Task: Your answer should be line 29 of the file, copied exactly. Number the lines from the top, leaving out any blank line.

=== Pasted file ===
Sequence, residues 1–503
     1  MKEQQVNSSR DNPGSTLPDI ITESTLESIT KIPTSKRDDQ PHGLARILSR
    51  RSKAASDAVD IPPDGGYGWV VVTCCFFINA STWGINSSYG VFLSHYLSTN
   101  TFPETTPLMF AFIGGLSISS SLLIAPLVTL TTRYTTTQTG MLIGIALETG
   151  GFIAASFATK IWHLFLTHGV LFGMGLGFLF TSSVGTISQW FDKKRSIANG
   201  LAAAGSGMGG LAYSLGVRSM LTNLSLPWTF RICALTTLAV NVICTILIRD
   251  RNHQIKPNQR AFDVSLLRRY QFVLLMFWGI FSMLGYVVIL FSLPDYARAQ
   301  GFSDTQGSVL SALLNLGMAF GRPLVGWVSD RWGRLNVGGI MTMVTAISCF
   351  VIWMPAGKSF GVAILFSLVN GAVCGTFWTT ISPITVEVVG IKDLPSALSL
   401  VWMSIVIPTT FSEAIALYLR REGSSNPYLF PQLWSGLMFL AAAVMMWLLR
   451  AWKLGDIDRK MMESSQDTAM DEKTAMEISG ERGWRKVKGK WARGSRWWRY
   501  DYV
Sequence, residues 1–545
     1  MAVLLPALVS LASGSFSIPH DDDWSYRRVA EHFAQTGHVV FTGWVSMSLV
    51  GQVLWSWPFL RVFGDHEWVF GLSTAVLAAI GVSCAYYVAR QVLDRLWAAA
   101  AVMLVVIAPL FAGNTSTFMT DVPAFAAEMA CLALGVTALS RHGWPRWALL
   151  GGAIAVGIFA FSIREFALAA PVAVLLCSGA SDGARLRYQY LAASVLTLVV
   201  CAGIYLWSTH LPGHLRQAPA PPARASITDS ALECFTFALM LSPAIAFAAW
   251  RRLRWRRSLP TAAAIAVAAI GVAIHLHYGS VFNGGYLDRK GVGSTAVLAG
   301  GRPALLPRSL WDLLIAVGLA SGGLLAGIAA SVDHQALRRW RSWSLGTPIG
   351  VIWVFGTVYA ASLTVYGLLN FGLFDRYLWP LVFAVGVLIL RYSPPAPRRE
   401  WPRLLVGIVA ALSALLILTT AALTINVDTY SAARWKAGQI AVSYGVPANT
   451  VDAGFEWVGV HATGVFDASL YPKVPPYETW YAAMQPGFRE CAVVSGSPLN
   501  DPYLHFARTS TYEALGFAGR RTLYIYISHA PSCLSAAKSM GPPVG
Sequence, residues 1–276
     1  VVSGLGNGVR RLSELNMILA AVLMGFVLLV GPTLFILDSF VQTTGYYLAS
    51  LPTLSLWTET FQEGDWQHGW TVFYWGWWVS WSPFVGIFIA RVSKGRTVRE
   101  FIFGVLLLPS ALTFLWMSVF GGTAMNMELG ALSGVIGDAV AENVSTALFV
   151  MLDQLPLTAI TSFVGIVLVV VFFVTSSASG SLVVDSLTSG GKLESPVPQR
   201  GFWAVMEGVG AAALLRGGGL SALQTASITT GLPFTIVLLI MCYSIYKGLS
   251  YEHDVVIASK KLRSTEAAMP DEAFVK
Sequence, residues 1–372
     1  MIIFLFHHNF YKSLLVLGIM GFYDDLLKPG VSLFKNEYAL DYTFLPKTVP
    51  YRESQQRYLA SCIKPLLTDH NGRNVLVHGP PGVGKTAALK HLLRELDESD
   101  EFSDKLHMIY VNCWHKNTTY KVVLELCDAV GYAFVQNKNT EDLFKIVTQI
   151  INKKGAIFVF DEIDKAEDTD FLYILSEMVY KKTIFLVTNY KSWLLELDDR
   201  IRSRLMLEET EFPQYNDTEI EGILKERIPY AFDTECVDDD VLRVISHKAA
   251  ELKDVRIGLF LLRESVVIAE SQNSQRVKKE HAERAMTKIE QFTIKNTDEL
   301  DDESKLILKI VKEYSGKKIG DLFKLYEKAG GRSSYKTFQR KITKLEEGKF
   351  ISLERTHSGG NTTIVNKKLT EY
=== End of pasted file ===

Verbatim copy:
   151  MLDQLPLTAI TSFVGIVLVV VFFVTSSASG SLVVDSLTSG GKLESPVPQR